Whatever you say #40

Rolling Rock

With a great deal of trepidation, I have walked into Smokey’s. I don’t know anyone. I’ve never been anywhere close to it. It looks grimy, dark and god only knows what’s going on inside.

Why am I going here?

Because if I can’t attempt things that are hard, then why work this theme at all?

On the main TV, the US is playing Japan in women’s fastpitch softball, finals. US is up 3-0.

So it’s worse than I thought, because of all the sports I cannot stand, baseball is the one that I am not only most uncomfortable with, due to finding it savagely boring, it’s also represents one of those barriers for me into the world of the normal.

Baseball, though it may not quite have the status is once did, is still an iconic American sport and to be an American is, in part, to know things about baseball.

Except the last time I did anything that resembled baseball, I got hit in the nuts. And while football to the groin will always be football to the groin, baseball has always resembled a dense, boring mystery that I had to pretend to know about and absorb by osmosis, faking my way through masculine rituals and all the other bullshit that comes with sports that I suck at (which is pretty much all of them) growing up and now getting old, I never hesitated to take a shot at baseball when I could, in part to dissociate myself from the kinds of obsessives that I can’t talk to (though have plenty in common with) and in part because sports obsessives tend to view me with distain-though they have plenty in common with nerds.

So everything I know about America’s Pastime I have learned through absorption from my Mom and my brother-in-law.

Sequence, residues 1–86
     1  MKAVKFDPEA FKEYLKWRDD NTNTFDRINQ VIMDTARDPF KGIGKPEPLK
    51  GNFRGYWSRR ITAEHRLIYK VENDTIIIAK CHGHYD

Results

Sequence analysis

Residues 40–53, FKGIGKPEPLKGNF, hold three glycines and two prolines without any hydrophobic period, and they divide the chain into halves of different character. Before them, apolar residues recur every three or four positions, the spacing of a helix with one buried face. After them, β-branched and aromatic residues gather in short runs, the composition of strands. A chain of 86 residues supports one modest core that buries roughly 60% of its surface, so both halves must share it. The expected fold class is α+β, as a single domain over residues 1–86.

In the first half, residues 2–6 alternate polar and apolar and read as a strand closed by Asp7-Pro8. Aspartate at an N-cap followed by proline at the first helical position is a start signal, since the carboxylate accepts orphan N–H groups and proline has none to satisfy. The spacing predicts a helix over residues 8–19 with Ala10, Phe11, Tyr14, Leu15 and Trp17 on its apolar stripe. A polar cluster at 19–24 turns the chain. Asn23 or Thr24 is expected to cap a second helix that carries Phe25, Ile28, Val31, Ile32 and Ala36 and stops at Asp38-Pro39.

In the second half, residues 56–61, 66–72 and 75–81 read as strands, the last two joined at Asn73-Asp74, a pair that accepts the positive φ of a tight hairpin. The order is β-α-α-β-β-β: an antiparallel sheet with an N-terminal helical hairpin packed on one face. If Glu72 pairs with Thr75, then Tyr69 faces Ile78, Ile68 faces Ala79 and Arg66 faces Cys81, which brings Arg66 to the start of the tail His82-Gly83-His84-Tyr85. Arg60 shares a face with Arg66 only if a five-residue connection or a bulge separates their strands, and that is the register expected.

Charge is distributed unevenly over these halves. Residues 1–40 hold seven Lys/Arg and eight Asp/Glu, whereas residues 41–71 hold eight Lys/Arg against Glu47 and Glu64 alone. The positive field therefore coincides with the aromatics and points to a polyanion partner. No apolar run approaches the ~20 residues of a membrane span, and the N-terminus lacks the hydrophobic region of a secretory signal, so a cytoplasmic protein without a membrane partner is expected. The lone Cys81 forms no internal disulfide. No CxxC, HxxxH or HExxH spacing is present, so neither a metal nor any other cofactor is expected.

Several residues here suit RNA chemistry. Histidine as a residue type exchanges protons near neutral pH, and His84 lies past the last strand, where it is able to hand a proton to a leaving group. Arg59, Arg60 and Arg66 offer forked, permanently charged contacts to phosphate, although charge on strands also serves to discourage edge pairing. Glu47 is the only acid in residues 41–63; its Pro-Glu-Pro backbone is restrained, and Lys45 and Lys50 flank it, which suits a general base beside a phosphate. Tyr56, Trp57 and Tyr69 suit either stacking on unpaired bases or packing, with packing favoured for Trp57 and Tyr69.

And I shimmy up to the bar and ask what a man in a coat advertising plumbing services from across the street is drinking. Which is how I end up with a Rolling Rock, watching women’s fastpitch.

In Smokey’s there is one pool table, a pinball machine that hasn’t been turned on in I don’t know how long, as bar stools sitting in front of it and what appears to be a small water heater sitting on top of them cut off the possibility of playing the machine, and every single wall seems to be part of the definition of cheap. Fake brick around the lights, cheap walls from the 60’s, splotty paint and plaster covering various holes: I wonder for a moment if Smokey’s was ever a nice tavern, where the locals came, celebrated and went back to their homes.

Now it seems a little sad, surviving on a crew of people I do not understand…but are friendly to me. I fake baseball knowledge, I watch plays and I listen. Guys with unlit cigarettes hanging from their lips chat and are OK with me talking to them about the game. The young punks who come in to play video poker have smiles for the old guys at the bar, under their tough veneers and edges born of being poor.

I could stay here and have another. The bartender even asks if I want another, and I have the feeling that if he didn’t think I was alright, he wouldn’t ask. But I have to go; the theme demands it and honestly, I’m just glad that things didn’t play into what I was afraid of.

It’s a good lesson for not letting my scares run away with me. Go, check it out. Be nice. Have a beer. Listen. You might just enjoy yourself, internet pundits be damned.

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2 thoughts on “Whatever you say #40”

    1. Some of the bars on Foster look a bit sketchy so it can take a bit of courage to walk into one. Still, it all worked out for the best.

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